Monday, November 15, 2010

Layers of a Tree Trunk and Tree Wounds

Many people believe there are two layers in a tree’s trunk: the outer bark they can see and the inner ‘wood’ that supports a tree. In fact, there are five layers in a tree trunk and the two layers most people know about are both actually dead.
The outer bark that some people like to carve into and write cliché messages like “Me+Y.L.=Love” is a tree’s protection layer from bugs and insulation from weather. Just inside the outer bark is the inner bark, also known as the phloem. This layer transports nutrients throughout the tree. The phloem soon dies and the older phloem becomes part of the outer bark. The cambium layer is the growing part of a tree’s trunk. You have probably heard that the age of a tree can be determined by a cross section of a tree trunk. This is correct, and the annual rings are formed by this layer. As long as a tree is receiving nutrients, hormones are formed, thus new bark and wood are produced. Sapwood is the new wood that the cambium layer forms. This layer transports water to the tree's leaves. Older layers of sapwood die and turn into the next layer, heartwood. Heartwood is the center of a tree trunk and will not decay or lose its extreme strength as long as the other layers of a tree are intact and functioning.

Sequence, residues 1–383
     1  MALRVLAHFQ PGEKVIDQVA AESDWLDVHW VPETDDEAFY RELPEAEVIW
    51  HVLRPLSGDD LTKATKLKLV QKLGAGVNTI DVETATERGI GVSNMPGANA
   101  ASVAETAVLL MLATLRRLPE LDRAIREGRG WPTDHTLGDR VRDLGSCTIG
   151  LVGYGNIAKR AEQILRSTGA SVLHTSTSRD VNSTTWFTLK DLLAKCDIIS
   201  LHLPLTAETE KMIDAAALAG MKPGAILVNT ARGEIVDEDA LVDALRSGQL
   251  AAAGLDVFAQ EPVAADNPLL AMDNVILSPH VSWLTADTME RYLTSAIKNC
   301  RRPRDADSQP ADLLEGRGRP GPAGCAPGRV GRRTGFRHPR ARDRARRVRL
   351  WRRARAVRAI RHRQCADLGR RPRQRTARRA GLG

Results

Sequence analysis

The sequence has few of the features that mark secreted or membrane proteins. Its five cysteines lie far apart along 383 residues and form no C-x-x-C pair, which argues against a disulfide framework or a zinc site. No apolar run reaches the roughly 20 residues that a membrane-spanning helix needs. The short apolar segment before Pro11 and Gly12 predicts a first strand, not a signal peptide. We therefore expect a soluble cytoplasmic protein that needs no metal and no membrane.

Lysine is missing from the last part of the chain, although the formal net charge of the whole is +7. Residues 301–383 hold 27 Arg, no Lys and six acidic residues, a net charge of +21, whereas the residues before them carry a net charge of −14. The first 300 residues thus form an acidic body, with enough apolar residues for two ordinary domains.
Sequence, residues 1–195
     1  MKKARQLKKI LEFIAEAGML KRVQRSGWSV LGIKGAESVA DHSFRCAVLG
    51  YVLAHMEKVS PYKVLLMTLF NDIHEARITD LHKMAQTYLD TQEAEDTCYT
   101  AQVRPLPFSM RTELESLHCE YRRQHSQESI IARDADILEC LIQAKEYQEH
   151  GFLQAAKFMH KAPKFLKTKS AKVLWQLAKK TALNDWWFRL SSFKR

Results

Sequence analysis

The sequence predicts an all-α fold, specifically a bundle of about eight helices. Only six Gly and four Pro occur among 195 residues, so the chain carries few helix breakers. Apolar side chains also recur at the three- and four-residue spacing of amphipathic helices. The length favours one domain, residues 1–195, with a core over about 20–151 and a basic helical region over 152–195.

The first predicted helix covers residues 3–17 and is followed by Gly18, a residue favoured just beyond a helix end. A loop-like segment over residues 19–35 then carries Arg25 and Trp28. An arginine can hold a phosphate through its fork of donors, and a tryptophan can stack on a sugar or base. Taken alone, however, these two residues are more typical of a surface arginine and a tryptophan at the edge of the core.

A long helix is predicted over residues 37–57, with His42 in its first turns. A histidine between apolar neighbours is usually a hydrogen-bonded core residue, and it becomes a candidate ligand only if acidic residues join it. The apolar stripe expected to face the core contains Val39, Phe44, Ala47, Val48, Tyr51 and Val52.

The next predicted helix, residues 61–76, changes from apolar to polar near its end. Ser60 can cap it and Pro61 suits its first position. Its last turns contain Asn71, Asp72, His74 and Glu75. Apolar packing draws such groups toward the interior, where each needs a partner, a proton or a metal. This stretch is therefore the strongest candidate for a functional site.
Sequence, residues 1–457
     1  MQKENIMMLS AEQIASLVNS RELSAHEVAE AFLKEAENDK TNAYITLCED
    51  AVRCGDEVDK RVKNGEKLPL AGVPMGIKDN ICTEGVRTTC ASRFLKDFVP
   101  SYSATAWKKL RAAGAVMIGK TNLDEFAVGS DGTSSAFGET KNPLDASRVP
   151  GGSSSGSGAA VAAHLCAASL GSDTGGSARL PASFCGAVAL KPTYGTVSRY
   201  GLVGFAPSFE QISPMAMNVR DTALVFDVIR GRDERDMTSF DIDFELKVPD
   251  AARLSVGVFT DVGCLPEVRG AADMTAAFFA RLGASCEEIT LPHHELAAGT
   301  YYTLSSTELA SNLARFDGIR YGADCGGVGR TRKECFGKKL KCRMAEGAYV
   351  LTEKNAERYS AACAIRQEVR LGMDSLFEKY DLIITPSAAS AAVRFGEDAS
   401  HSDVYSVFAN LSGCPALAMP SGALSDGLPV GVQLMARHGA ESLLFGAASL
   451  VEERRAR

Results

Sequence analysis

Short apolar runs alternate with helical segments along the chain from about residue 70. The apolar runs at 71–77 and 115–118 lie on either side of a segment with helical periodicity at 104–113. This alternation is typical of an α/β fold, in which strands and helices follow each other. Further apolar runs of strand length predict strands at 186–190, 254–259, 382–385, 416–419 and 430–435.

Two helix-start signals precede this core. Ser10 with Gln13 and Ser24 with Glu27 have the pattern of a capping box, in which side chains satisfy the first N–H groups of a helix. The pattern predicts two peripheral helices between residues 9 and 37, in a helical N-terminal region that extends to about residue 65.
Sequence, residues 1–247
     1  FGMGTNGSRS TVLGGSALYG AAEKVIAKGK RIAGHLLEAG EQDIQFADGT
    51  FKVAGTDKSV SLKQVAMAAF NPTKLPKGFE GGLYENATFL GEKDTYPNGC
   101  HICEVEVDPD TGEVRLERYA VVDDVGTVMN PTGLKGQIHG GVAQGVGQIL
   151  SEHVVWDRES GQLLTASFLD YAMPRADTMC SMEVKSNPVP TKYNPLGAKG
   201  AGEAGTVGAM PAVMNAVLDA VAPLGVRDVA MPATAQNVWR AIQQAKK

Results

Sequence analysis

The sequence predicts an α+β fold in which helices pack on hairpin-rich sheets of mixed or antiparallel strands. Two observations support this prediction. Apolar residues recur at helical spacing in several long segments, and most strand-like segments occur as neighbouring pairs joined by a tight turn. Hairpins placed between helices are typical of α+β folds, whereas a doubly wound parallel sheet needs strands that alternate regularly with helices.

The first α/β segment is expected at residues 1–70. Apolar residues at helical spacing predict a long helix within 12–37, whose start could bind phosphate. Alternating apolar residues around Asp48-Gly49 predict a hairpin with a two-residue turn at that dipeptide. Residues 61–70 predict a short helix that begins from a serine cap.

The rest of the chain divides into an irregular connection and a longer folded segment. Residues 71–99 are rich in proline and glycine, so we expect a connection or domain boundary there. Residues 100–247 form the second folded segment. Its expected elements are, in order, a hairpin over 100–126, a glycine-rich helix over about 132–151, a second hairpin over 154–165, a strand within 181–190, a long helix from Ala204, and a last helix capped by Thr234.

This is a tree located in the middle of the Student Services Center (down the stairs from Croutons) and shows a tree’s response to pruning. At one time a branch here was pruned. Notice that the clean cut is inside the outer bark. How did this happen? There are actually four layers that formed after the pruning occurred. The first three layers are known as compartmentalization. The first is something like a band aid, plugging cells directly around the wound (yes-pruning trees create an injury!). It protects the tree from further injury from infection and decay. The second layer consists of cells that form each year and act as guards against any infection entering past the first defense layer. The third layer resists lateral spread, using physical and chemical defenses. The final layer is known as a barrier zone. New wood that contains natural fungicides is formed. This wood is harder and stronger due to 1) an altered arrangement of cells, 2) an increase in axial parenchyma, which provides more energy to the injured tissues, and 3) the cells acquire toxins to kill off any invading organisms. This fourth layer is what you see directly in front of the pruned section of this tree.

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